Duty-free booze sales to diplomats: Distell and Nu Africa in court
South Africa | Those striped pants types cannot get enough. Drinks firm Distell and one of its customers, the black-owned duty-free business Nu Africa, are facing each other at the Competition Tribunal.
NU Africa is crying foul after Distell cancelled supplies over claims that some of its booze, which Nu Africa sold to diplomats, ended up in the open market. Hearings began on 25 November.
Duty-free liquor is one of the big perks which the cookie pushers enjoy in South Africa. But they must purchase reasonable or moderate quantities and are not permitted to resell them.
“Tax leaks” galore
However, some diplomats must have peddled the booze at a large profit. Last year, South Africa expelled diplomats from Malawi and Lesotho for illicitly selling alcohol that reportedly cheated the taxman out of ZAR 100 million (USD 6 million) a month.
Suspecting that Nu Africa turned a blind eye to these shenanigans, Distell stopped supplying to Nu Africa. Nu Africa, for its part, denies that it is part of the problem and instead accuses Distell of abusing its dominant position.
Currently, the excise tax rates for wine, beer and spirits are 11 percent, 23 percent, and 36 percent of the weighted average retail prices, respectively. This represents a significant discount, particularly at wholesale prices in large quantities.
Diplomats sell booze through the back door
Nu Africa sells most of its alcohol into seafaring and diplomatic circles. By bringing the matter before the tribunal, Nu Africa is hoping to compel Distell to resume doing business with them, saying Distell’s unwillingness amounts to abuse of dominance that is undermining Nu Africa’s profits.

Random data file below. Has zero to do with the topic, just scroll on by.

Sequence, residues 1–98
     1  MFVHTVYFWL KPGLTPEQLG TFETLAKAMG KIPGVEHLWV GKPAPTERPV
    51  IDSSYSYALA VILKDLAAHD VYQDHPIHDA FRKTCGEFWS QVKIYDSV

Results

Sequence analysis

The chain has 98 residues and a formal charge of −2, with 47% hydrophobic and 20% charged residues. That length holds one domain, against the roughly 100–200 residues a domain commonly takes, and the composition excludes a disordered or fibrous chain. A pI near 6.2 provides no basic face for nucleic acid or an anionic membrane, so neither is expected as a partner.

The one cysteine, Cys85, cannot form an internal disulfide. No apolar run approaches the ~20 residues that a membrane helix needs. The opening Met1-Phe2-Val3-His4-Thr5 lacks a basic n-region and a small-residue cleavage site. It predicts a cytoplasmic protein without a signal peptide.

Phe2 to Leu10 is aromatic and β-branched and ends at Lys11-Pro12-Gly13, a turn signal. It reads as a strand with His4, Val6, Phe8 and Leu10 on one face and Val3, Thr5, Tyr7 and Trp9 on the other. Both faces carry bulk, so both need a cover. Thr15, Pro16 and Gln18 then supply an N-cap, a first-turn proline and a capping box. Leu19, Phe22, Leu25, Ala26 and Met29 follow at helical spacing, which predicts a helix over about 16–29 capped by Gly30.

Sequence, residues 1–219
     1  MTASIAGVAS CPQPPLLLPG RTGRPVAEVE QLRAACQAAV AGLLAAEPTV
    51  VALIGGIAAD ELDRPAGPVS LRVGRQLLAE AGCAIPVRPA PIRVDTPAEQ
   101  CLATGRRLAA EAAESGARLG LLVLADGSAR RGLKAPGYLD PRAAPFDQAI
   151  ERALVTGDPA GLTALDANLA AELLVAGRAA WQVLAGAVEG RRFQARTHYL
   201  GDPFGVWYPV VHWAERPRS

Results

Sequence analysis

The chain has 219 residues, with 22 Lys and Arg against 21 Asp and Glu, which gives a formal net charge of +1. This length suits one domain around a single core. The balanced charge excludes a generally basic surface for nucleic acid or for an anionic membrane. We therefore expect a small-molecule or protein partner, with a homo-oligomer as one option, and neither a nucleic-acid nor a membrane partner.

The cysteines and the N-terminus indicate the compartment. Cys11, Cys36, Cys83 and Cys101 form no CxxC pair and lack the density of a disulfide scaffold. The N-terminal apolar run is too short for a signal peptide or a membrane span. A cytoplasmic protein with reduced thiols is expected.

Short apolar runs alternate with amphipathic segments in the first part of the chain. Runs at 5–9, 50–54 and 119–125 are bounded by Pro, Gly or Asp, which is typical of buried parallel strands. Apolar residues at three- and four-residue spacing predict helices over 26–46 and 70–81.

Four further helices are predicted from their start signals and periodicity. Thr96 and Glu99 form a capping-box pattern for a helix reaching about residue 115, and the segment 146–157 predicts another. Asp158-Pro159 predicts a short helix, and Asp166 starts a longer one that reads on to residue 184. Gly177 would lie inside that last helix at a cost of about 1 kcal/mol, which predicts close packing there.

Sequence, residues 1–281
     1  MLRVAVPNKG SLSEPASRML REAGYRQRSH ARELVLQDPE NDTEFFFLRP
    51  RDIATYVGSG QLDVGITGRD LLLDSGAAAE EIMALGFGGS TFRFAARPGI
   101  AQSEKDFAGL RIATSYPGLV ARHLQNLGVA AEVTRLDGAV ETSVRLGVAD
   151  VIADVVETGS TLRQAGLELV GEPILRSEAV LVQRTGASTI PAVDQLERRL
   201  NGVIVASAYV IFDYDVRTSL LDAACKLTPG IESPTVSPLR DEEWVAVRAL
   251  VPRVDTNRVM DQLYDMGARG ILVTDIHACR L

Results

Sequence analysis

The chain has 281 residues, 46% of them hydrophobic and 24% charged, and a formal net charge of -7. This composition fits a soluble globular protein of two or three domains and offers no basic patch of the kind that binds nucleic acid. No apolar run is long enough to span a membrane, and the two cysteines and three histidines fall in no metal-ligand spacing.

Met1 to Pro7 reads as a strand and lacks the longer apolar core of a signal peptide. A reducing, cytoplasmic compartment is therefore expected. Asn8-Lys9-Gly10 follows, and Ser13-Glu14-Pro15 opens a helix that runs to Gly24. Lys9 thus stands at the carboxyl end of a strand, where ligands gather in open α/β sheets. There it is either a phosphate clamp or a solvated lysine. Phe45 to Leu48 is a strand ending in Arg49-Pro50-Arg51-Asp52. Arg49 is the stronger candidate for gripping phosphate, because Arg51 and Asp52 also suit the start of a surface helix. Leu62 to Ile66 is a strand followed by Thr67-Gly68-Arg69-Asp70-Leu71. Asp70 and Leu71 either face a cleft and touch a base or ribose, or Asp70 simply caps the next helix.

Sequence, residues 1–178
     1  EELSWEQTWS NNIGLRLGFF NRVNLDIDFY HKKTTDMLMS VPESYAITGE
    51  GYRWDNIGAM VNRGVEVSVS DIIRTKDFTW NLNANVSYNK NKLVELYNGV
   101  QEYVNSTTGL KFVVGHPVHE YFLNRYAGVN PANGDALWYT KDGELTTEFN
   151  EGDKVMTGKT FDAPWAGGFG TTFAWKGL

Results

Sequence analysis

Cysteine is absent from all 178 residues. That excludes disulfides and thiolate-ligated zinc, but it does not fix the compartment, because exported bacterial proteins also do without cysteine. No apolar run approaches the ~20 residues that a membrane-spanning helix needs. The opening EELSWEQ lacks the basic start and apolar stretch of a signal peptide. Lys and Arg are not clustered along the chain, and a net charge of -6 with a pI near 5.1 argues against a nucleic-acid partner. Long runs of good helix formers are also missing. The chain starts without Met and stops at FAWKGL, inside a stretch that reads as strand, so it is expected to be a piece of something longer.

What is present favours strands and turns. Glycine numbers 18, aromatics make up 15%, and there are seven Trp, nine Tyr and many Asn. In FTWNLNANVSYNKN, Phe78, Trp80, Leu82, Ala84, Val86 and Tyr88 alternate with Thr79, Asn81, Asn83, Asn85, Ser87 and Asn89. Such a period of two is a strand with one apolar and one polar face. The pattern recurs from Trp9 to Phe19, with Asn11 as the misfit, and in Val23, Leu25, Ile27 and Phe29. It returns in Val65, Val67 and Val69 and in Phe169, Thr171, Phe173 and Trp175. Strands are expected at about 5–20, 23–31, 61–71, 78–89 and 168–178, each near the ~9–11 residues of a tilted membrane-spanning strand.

Nu Africa has since resorted to purchasing Distell’s products from other wholesalers, which means it is losing out on wholesale duty-free deals.
During the hearings, Distell accused Nu Africa of being complicit in the illicit sale of alcohol to diplomats. By tracking its products, Distell found out that they turned up in the open market at least four times.
What is more, Nu Africa has sold more liquor to diplomats than stipulated in its risk implementation plan. This plan is an undertaking between Nu Africa and the South African Revenue Service (SARS) that limits tax-free customers to buying just two cartons of cigarettes and one mixed box of alcohol each.
Alcohol lubricates diplomacy
In one instance in 2017, the Burundi embassy bought 50 cases of spirits – that is 600 bottles – in a single day, Distell contends.
Nu Africa has since admitted to selling more liquor to diplomats than stipulated in its risk implementation plan, but it claims it has no responsibility to keep tabs on the liquor and whether customers resell it.
Let’s see how this affair will pan out.